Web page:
Paul A. Gardner, Juan C. Fernandez-Miranda, Carl H. Snyderman, and Eric W. Wang
George A. C. Mendes, Curtis A. Dickman, Nestor G. Rodriguez-Martinez, Samuel Kalb, Neil R. Crawford, Volker K. H. Sonntag, Mark C. Preul, and Andrew S. Little
The primary disadvantage of the posterior cervical approach for atlantoaxial stabilization after odontoidectomy is that it is conducted as a second-stage procedure. The goal of the current study is to assess the surgical feasibility and biomechanical performance of an endoscopic endonasal surgical technique for C1–2 fixation that may eliminate the need for posterior fixation after odontoidectomy.
The first step of the study was to perform endoscopic endonasal anatomical dissections of the craniovertebral junction in 10 silicone-injected fixed cadaveric heads to identify relevant anatomical landmarks. The second step was to perform a quantitative analysis using customized software in 10 reconstructed adult cervical spine CT scans to identify the optimal screw entry point and trajectory. The third step was biomechanical flexibility testing of the construct and comparison with the posterior C1–2 transarticular fixation in 14 human cadaveric specimens.
Adequate surgical exposure and identification of the key anatomical landmarks, such as C1–2 lateral masses, the C-1 anterior arch, and the odontoid process, were provided by the endonasal endoscopic approach in all specimens. Radiological analysis of anatomical detail suggested that the optimal screw entry point was on the anterior aspect of the C-1 lateral mass near the midpoint, and the screw trajectory was inferiorly and slightly laterally directed. The custommade angled instrumentation was crucial for screw placement. Biomechanical analysis suggested that anterior C1–2 fixation compared favorably to posterior fixation by limiting flexion-extension, axial rotation, and lateral bending (p > 0.3).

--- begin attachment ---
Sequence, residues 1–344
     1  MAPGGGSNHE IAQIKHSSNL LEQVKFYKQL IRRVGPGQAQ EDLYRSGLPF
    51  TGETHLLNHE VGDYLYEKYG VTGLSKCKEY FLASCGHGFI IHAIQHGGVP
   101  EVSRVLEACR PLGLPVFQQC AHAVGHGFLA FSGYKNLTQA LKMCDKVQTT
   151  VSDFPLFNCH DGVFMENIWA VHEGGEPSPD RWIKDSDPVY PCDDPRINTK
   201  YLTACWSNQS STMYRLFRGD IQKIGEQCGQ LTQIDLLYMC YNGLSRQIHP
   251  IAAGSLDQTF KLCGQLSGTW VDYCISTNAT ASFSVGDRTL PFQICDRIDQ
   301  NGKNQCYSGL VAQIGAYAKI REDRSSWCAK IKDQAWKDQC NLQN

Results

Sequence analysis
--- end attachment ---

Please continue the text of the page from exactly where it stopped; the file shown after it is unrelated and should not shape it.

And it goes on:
This is the first study that demonstrates the feasibility of an endoscopic endonasal technique for C1–2 fusion. This novel technique may have clinical utility by eliminating the need for a second-stage posterior fixation operation in certain patients undergoing odontoidectomy.
L. Fernando Gonzalez, Neil R. Crawford, Robert H. Chamberlain, Luis E. Perez Garza, Mark C. Preul, Volker K. H. Sonntag, and Curtis A. Dickman
Object. The authors compared the biomechanical stability resulting from the use of a new technique for occipitoatlantal motion segment fixation with an established method and assessed the additional stability provided by combining the two techniques.
Methods. Specimens were loaded using nonconstraining pure moments while recording the three-dimensional angular movement at occiput (Oc)—C1 and C1–2. Specimens were tested intact and after destabilization and fixation as follows: 1) Oc—C1 transarticular screws plus C1–2 transarticular screws; 2) occipitocervical transarticular (OCTA) plate in which C1–2 transarticular screws attach to a loop from Oc to C-2; and (3) OCTA plate plus Oc—C1 transarticular screws.
Occipitoatlantal transarticular screws reduced motion to well within the normal range. The OCTA loop and transarticular screws allowed a very small neutral zone, elastic zone, and range of motion during lateral bending and axial rotation. The transarticular screws, however, were less effective than the OCTA loop in resisting flexion and extension.
Conclusions. Biomechanically, Oc—C1 transarticular screws performed well enough to be considered as an alternative for Oc—C1 fixation, especially when instability at C1–2 is minimal. Techniques for augmenting these screws posteriorly by using a wired bone graft buttress, as is currently undertaken with C1–2 transarticular screws, may be needed for optimal performance.